advice please on academic feedback..

Discussion in 'Secondary Education' started by GTB4GT, Mar 7, 2014.

  1. GTB4GT

    GTB4GT Cohort

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    Mar 7, 2014

    I need any help/tips/suggestions. I have several seniors who are in serious jeopardy of failing their classes. I have had several one on one talks with each just updating them on their status/progress with special emphasis on offering additional help in the form of tutoring, encouraging them to turn in missing work, etc.

    Some of them are historically low academic achievers. several of them however are in "upper level" senior math classes and probably have not ever struggled in previous classes. I suspect some think that they will not fail solely on the basis of being a senior.

    My talks never seem to have the intended affect - the kids seem to get defensive or withdraw. Not one of them has ever came in for additional help - although I tutor students almost daily, many of whom are not in my classes. I have asked our guidance councellor to intervene - she is a very nice lady and may be perceived as "less threatening".(although I try very hard to tread lightly with the kids in this as I realize it IS a sensitive area.)

    I don't want to just back off and let the chips fall were they may. My P has pretty much told me to pass them regardless of the grades received so she is not a resource in this issue. Any tips? Ideas? Suggestions? How do you handle this.as always, thanks for any constructive feedback.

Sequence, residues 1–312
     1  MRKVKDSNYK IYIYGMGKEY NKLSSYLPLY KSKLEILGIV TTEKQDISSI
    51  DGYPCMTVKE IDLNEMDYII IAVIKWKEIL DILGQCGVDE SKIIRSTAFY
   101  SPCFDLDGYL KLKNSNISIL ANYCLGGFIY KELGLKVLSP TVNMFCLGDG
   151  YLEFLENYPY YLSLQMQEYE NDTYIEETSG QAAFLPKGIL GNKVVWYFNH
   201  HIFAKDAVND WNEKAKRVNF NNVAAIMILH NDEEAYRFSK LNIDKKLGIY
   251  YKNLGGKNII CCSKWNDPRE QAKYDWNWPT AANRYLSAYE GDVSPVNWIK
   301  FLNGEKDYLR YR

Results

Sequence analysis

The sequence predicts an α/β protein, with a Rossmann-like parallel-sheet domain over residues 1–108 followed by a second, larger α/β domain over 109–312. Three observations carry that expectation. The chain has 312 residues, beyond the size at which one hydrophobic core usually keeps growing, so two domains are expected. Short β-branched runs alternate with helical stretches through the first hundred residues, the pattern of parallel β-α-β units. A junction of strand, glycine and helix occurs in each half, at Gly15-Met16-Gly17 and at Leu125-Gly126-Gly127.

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  3. bandnerdtx

    bandnerdtx Aficionado

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    Mar 7, 2014

    What are some of the reasons/excuses the kids are giving you when you talk to them?

    I have found that a lot of seniors, even good kids, struggle with the final part of the year because, frankly, they are terrified to graduate. They don't know what they're going to do, or they are afraid to face the unknown, so they fail.

    Have you involved their parents? Even though they may be 18, they're still in school and moms and dads need to know what's happening. We have our seniors actually call home in the middle of class to let their parents know what's happening!
     
  4. GTB4GT

    GTB4GT Cohort

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    To your first question - that is the frustrating part. really do I receive anything of academic value during these conversations (outside of having documentation that proactive steps were taken to intervene). Answers are somewhat vague, noncommittal and evasive. Thus hard to diagnose and correct.

    Secondly - yes, where deemed appropriate, calls have been made to parents (with mixed results there.)
     
  5. Linguist92021

    Linguist92021 Phenom

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    Mar 7, 2014

    What is your student population? Are these kids college bound, rarely graduate, in between? That can make a difference. Did you ask them about their plans after graduation?
    I'd start there. If they're planning to go to college (and hopefully applied already) or some other continuing education, then the importance of the high school diploma should be apparent to them, they might just need a reminder.
    If they're lost, maybe you can try to talk to them and guide them, or find someone who can.
    If they're simply going to get jobs, they still need to see the importance of the diploma.

    I don't think they just don't care. Kids often don't know how to communicate, so their vague and noncommittal answers may be hiding their true emotions.

    But seniors are often just tired of everything, the 4 years of school, the pressure, etc.
     
  6. mr_post22

    mr_post22 Companion

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    Mar 8, 2014

    In my county, if a student cannot graduate on time, they put them on an easy online class to bring up their GPA.
     

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